If you aren’t particularly technically savvy, or you experience doubt and anxiety over appearing on a podcast, that’s not a reason to forgo podcasting. You aren’t alone. Most authors and podcasters experience doubts, imposter syndrome, and overwhelm at times. Podcasting requires skills you are unlikely to have developed yet but these concerns diminish with exposure. You will continue to feel some degree of anxiety when approaching an unfamiliar topic – there’s no escaping that – but it’s okay to take your time. What’s important is that you get started and keep going. As the psychologist and self-help coach Susan Jeffers famously said, “Feel the fear and do it anyway.”

How to Design a Podcast

Author podcasts are as varied as the authors who create them. Each one has a different hosting style, format order, audience demographic and creator objective. The form is still evolving so innovation is rife at all stages of the creative process, from naming conventions, to artwork to merchandising. How you design and present your show is up to you. The only limit to what you can do with a podcast is your own imagination.

That said, there are things you can do to give your ideas a better chance of thriving. For instance, it helps to consider some of the following fundamental questions before you settle on a name and commission logo artwork:

  • Why are you starting a podcast?
  • What will be the tone and subject matter of your show?

If you aren’t sure how to answer these questions, sometimes free writing can help. The concept is simple: sit down with a pen and paper and write a stream of consciousness while trying to answer the questions you’ve been asked. Doing so often provides clarity, bringing your real thoughts and desires to the forefront in a way that can guide your actions.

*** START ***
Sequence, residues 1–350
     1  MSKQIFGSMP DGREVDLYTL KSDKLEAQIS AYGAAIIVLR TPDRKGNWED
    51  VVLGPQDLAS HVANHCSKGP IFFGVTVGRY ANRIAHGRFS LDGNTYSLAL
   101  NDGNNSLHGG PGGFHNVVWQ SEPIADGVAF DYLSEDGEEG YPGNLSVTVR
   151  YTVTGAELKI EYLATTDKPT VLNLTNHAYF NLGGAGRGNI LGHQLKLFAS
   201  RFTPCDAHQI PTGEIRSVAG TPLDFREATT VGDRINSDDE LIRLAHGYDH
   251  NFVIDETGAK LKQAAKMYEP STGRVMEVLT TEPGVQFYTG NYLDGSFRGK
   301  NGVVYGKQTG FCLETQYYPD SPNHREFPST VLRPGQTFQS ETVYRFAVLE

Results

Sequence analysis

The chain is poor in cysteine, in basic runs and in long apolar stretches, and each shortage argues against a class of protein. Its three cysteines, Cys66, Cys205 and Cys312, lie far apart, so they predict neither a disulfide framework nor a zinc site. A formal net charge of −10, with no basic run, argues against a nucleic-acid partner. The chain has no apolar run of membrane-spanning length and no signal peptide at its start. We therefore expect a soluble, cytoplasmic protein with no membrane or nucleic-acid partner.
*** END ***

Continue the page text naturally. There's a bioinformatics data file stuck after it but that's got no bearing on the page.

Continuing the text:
Once you’ve answered the whys and whats, identify your podcasting goals. To phrase it another way, what’s the purpose of your podcast and what outcome do you want it to deliver?

Here are some common goals in podcasting to give you ideas:

  • To generate book sales
  • To be recognised as an expert in your niche
  • To share an important message
  • To connect with a particular group of readers

It’s helpful to write your answers down so you can refer back to them as you develop your show’s concept. You may have more than one goal. If you do, note them all. You’re looking for a podcast concept that unifies them. Coming up with a strong vision at an early stage will stop you having to pivot after you’ve already build an established brand.

Choose a Theme

When you’ve settled on the audience you want to target and the goals you want to achieve, it’s time to move from a general concept to a specific theme. This will be your niche – an idea around which you will orbit to build your defined audience over time. Examples include:

  • Producing scripted LitRPG
  • Teaching how to become a digital nomad
  • The mindset of professional athletes

Your theme can be broad or narrow but you must be passionate about whatever you choose. It should be something you’re excited to research and discuss on a regular basis because sticking to your theme is what will keep your core ideal audience engaged with your content.

Once you have an idea of what to podcast about, do market research. Search your show’s topic on Spotify or Apple Podcasts. Listen to episodes of similar shows to see what they do well and think of ways they could improve. When you get an idea for a theme, look at the podcast charts to see if there are any shows already covering the cornerstone topics you have in mind. Are there many similar podcasts? If there are then that’s not necessarily a bad thing. The fact that they’re in the chart just proves that there is demand for the type of content you want to create. What’s different about your show could help it stand out from the rest.

If you still can’t tell whether your ideas will strike a chord after that activity, do some keyword analysis. This sounds complicated but it basically means finding out what people are searching. It’s easy when you know how. For example, if you’re looking to create a podcast that talks about popular TV shows, you could type the names of those shows into Google Trends and compare their search traffic, looking for TV shows that get searched a lot but aren’t being covered by other podcasts. Alternatively, you could visit answerthepublic.com and type in your topic. In response, the site presents a list of popularly searched questions on your given topic.